Meet Belgrade Artist: Mariah Scary

WHO ARE YOU AND WHAT DO YOU DO?

My name is Marija Knežević and I do bunch of different things. Everything is related to art in a way, but I do many things aside from my own art, where I work under the name Mariah Scary. I run a boutique with friends and family with local art, crafts, and brands – the space works as a gallery too. I often work as a sort of art director on many different creative projects with friends from T-shirt brands to photography editorials, that kind of stuff. I am actually also co-editor here at Vampir.

 

HOW HAS BELGRADE INFLUENCED YOUR ART?

I don’t know what would happen if I lived anywhere else. Would my art at any point reach a level of professionalism in which I live and work solely making art – or would things be the same, because things are so wild here in a way, that we are used to living wild. I don’t know, it confuses me. But I definitely think Serbia really does not give you many options from which you can really live, in every sense, so it stays a hobby, something I do on the side. That’s the shit side, on the other hand living here gives you freedom and protects you from professional compromises and mass production.

 

But you definitely grow and develop regardless of where you are or what is happening. The ideal place does not exist. I think that you have to find a way to make it in this place and use all possible opportunities and benefits of living here, and try to make your own life more interesting and live limitlessly, without plans – but starting from Belgrade. Something works here for me, that’s why it has to be my point of reference to where I return.

TELL US ABOUT THESE SKETCHES.

They are made of scraps from my paintings. Usually I paint with acrylics on the backside of glass, so that its face is actually the glass and not the paint. For these miniatures, I carve out the paint with a scalpel after the color dries, and then peel it off. It’s like plastic so it stays in this flattened form. Then I put the pieces together like a little collage, similarly to my paintings on glass, and again get some silly characters. Sometimes they are sketches for some bigger paintings, but most of them I make in these mini albums.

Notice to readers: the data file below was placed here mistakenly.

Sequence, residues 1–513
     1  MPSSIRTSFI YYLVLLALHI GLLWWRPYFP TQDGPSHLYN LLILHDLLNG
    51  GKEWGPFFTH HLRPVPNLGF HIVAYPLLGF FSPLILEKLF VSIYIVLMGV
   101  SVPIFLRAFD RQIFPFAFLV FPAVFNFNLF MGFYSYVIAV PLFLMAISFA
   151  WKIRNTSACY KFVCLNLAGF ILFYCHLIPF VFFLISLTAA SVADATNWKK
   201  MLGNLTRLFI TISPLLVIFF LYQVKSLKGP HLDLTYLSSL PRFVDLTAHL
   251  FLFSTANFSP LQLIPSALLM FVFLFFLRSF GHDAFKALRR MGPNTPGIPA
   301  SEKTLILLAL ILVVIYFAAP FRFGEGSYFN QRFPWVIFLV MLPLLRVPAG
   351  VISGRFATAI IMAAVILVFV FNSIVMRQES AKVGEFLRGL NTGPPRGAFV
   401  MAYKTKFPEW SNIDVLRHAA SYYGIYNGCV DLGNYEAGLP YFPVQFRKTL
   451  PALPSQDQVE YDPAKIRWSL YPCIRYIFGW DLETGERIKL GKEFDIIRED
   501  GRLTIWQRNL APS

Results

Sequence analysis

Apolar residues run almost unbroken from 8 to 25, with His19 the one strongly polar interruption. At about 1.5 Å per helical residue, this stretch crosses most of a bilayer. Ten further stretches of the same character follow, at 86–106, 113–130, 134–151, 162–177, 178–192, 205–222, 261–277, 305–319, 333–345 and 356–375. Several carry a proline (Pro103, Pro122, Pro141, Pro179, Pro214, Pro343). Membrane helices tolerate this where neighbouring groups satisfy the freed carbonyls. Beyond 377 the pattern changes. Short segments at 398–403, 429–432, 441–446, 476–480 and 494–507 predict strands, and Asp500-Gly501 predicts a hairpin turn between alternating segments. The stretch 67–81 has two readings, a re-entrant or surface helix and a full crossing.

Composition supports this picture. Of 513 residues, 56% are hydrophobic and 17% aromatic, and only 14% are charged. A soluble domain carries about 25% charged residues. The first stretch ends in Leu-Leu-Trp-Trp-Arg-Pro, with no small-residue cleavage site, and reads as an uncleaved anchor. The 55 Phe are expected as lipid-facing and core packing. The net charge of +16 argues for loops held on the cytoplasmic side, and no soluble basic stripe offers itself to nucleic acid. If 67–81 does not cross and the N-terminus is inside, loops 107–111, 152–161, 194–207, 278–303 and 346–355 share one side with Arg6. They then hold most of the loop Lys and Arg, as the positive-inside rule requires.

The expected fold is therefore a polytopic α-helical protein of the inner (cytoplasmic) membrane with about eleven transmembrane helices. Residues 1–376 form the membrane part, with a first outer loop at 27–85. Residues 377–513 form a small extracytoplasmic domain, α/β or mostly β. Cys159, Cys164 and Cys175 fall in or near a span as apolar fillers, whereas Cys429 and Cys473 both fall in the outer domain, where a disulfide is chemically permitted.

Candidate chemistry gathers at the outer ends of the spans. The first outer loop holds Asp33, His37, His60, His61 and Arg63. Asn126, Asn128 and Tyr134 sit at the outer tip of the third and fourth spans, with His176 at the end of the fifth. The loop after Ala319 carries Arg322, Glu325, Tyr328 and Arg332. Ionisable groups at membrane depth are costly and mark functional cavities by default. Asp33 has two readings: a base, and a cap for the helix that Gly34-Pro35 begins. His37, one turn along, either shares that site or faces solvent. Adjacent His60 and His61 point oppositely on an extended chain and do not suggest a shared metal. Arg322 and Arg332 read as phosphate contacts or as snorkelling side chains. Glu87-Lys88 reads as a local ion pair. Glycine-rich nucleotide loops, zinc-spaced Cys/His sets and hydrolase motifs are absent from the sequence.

YOUR PAINTINGS ARE REMINISCENT OF JIGSAW PUZZLES. DO YOU PIECE IT TOGETHER SPONTANEOUSLY ALONG THE WAY, OR DO YOU HAVE A PRIOR IMAGE THAT YOU DECONSTRUCT TO ABSTRACTION? WHAT IS IT ABOUT PIECES VS. WHOLES TO YOU?

I never was satisfied with the feeling of “oh I think something up, then I draw it.” That bores me, in a way, just the fact that I thought it up. I was always really fascinated by this kind of unconscious side of things, and the process is really what does it for me, which is constantly unconscious. I have a problem with knowing in advance what it’s going to be, and sometimes when I have a crisis and can’t relax then I draw these intentional things from my mind and most often I’m not pleased with them.

 

Every little piece of the painting equally fascinates me, in even the smallest I find some sort of communication with the rest of the pieces as well as on its own. How it stands alone and how it communicates with the pieces next to it, in color and shape. I always find in them a little mistake, make and destroy it five times before I am satisfied, because I really don’t have that prior image in my head. It’s like play dough, putting together a kind of 2D sculpture.

 

It’s not always easy because I always have that inner need to have everything exactly find its place and translate things without any kind of filter, which is often hard because I have this other side which is everyday life. When I relax, and let go and just let whatever happen, that tends to be my biggest satisfaction and that’s it, and I’m done with it, whether or not it is beautiful to me or whatever. I simply stand behind it fully and am totally OK with it.